Not long ago I sat down to have breakfast at Waffle House with Antonia, a nonblack, male colleague. We both are medical professionals, so our conversations usually included stories of gun shot wounds, vehicle accidents, and anything else that exposed some type of bodily fluids. This breakfast meet started no differently than any other time, but the ending sort of caught me off guard.
After shoving down my usual egg order, we collected our checks. I tossed $7.00 on the table to cover our tips. I looked up to find him staring at me.
“Wow, you broke the stereotype,” he said.
“What, they say nurses don’t tip?”
“Come on, Jennifer. Surely you’ve heard this.”
Totally clueless, I gazed at him across the table. “WHAT ARE YOU TALKING ABOUT, Antonio?”
“My brother, Carlo, manages this large restaurant. He says that even the black workers are reluctant to wait on the black patrons because they think they’re not going to get tipped,” he stated.
“I’ve never heard or experienced any such thing,” I stated. “Everybody in my circle ALWAYS tip.”
“I didn’t say I believed it. I’m just telling you what I heard.” He looks down at the $7.00. “And hey you proved it wrong.”
“I think it’s just the class of people you and your brother hang out with.”
He laughed out loud.
We got up to leave and continued small talk as we walked to our vehicles. Antonio still joked about the stereotype and went on about how he couldn’t believe I had never heard it prior to him saying it. But that was Antonio, always quick to find entertainment pretty much out of anything. At that point, we had worked together some time and often discussed what many might consider as sensitive subjects. So him bringing this up to me wasn’t anything out of the norm.
Over the next week or so I started doing my own observations and assessment on what Antonio mentioned over breakfast that day. I found myself making quick glances around the table when I was out with anyone new to see if they were really tipping, and how much. I also paid close attention to the servers and how often they came to our table in comparison to other tables they were waiting on in close proximity. From what I gathered; there didn’t seem to be any disproportion in tipping between any specific ethnic group, as much as there were in socioeconomic status. Although, I’ve never had anyone in my circle NOT tip, even if service was below standard; my more financially stable friends and family members seemed to somewhat tip higher. Server etiquette played an even bigger part; too much time lapse between table visits, initial wait time too long, and cold food were among the frustrations expressed for leaving subpar tips. I also noticed at times, the server seemed to be going to some tables more than others, while walking by other tables in which the server were assigned. If others took note of this like I did; it may have been reflected in the tip given. It is a pet peeve of mine to be forgotten or feel ignored by my server. Experiencing this made me reflect on something Antonio had mentioned, about servers, even some black ones, not wanting to wait on black patrons for fear of not getting tipped. If some blacks felt this way, surely other ethnic groups had caught wind of this too. Is this why my server has passed by my table three times without refilling my tea, I had thought to myself.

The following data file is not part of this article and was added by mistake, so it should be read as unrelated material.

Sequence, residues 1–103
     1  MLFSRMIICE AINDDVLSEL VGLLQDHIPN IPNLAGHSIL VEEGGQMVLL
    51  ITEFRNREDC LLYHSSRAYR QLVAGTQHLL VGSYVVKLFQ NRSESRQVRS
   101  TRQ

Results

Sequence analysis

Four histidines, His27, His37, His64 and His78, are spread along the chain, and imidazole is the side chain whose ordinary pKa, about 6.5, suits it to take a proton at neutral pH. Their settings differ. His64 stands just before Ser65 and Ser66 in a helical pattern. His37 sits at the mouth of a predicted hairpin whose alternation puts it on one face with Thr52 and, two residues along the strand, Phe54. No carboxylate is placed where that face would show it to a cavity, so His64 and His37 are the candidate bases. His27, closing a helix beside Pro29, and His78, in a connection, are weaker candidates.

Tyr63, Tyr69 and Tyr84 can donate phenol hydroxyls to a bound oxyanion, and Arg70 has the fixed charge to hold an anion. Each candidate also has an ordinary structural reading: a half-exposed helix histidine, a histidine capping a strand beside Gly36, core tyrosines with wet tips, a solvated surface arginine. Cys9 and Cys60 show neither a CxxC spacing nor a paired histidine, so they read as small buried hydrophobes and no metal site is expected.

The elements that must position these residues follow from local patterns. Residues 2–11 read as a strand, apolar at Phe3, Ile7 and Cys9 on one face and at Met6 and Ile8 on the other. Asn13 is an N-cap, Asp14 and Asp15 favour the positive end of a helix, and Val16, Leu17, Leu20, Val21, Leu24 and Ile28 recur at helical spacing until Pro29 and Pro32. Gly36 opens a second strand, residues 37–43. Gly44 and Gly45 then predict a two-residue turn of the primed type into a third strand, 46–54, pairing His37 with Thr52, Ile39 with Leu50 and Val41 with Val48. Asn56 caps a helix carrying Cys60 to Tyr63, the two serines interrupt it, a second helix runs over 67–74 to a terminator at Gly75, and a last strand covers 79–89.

To get a consensus, I decided to engage my Facebook followers. I first told them the details of the conversation Antonio and I had weeks earlier. Then I posed a couple of questions asking them if they had heard this stereotype, and what had the experienced been that helped shape their opinions. In no time I had people from all backgrounds weighing in with their thoughts, and personal observations. The majority agreed that the size of tip depended on the class of people you kept in your circle. There were also quite a few comments that stated it was up to the server to earn how big of a tip he or she would receive. Interestingly enough, there were a couple of former servers who stated it had been their experience that blacks either did not tip, or under tipped. In contrast, there were also comments from a couple of white followers that stated they had witnessed other whites under tip as well. The general agreement ended up being that most had heard this stereotype, but also agreed that it was without merit.
What are your thoughts? Do you have an experience you’d like to share?
Originally published at www.betweenpeaceandpieces.com